Easter Egg Safety

Follow these egg safety tips if you plan on eating decorated hard-cooked eggs this Easter.

It wouldn't be Easter without eggs. Making and eating Easter eggs is part of the holiday fun! Get our must-have tips for safely dyeing and consuming Easter eggs. Plus, learn how to boil eggs perfectly every time. 

Get our best Easter egg decorating ideas

Egg Refrigeration

Enjoy beautiful Easter eggs -- just be safe if you're going to eat them. The American Egg Board advises that you discard hard-cooked eggs that have been out of the fridge for more than two hours.

Refrigerate hard-cooked eggs whenever you're not working with them. Put them in their cartons if you won't be decorating them right after cooking. Refrigerate them again right after dyeing or decorating them.

Egg Dye Safety

Make sure the eggs you color aren't cracked. If any cracks appear during dyeing or decorating, throw them away.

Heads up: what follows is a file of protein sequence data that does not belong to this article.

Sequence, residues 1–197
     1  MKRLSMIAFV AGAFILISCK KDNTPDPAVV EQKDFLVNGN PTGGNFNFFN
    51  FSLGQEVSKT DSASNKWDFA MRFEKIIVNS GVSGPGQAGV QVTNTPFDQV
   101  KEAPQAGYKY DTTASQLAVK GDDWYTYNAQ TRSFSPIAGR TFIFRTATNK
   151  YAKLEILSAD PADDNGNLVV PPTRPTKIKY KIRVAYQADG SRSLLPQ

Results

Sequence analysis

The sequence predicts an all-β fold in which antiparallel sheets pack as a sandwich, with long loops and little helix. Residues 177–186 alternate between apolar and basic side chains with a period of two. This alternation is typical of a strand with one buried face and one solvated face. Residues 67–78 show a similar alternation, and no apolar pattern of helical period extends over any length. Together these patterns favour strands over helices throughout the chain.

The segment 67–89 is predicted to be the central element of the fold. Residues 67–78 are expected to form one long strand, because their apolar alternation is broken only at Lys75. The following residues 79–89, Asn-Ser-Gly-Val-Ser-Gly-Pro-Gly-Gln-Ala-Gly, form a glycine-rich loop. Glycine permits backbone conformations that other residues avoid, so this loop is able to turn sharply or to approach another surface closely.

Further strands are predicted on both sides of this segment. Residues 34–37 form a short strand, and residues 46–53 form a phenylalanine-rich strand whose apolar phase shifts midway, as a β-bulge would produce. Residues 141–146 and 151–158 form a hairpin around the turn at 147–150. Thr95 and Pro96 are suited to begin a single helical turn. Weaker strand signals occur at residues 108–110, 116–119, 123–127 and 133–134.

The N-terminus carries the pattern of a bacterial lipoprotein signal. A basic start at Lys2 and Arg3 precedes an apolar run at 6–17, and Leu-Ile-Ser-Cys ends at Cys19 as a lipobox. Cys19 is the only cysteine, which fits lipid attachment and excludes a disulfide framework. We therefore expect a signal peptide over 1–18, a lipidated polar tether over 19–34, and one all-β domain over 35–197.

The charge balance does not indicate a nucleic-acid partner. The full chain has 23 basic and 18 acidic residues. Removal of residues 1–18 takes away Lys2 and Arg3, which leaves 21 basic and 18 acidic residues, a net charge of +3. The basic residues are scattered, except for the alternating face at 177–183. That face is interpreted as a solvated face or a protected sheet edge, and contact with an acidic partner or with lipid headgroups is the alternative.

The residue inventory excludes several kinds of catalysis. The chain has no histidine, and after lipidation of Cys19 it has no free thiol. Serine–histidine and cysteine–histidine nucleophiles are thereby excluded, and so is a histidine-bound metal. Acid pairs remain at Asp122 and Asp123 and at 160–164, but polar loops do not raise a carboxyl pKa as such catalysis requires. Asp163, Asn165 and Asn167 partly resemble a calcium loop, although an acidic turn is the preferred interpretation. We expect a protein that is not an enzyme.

Use food coloring or specially made, food-grade egg dyes. Dissolve the dye in water that is warmer than the eggs. If you are using crayons, paints, or other art materials, be sure they are labeled nontoxic. Or, use edible decorations like herbs. (You can use any art materials you like if you're not going to eat the eggs.)

To dye eggs without a kit, add 1 teaspoon white vinegar and 20 drops of food color to 1/2 cup boiling water. Dip eggs.

How to Boil Eggs

To prevent discolored rings from forming on hard-boiled eggs, put them in a pan, add water to cover by 1 inch and bring just to a boil. Remove from heat, cover and let stand 15 to 18 minutes, then chill in cold water.

Learn how to make perfect boiled eggs. 

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